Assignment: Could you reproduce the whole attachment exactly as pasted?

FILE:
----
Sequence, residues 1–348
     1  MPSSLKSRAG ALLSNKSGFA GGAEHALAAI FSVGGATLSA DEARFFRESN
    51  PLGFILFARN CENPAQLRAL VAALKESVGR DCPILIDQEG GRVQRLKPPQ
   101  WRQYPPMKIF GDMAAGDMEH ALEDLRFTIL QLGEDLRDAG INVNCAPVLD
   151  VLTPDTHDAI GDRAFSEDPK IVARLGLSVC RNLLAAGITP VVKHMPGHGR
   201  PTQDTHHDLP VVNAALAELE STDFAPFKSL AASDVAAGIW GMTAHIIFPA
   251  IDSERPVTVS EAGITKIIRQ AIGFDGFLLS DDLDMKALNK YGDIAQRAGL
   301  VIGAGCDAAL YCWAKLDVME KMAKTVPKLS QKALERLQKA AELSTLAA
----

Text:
Sequence, residues 1–348
     1  MPSSLKSRAG ALLSNKSGFA GGAEHALAAI FSVGGATLSA DEARFFRESN
    51  PLGFILFARN CENPAQLRAL VAALKESVGR DCPILIDQEG GRVQRLKPPQ
   101  WRQYPPMKIF GDMAAGDMEH ALEDLRFTIL QLGEDLRDAG INVNCAPVLD
   151  VLTPDTHDAI GDRAFSEDPK IVARLGLSVC RNLLAAGITP VVKHMPGHGR
   201  PTQDTHHDLP VVNAALAELE STDFAPFKSL AASDVAAGIW GMTAHIIFPA
   251  IDSERPVTVS EAGITKIIRQ AIGFDGFLLS DDLDMKALNK YGDIAQRAGL
   301  VIGAGCDAAL YCWAKLDVME KMAKTVPKLS QKALERLQKA AELSTLAA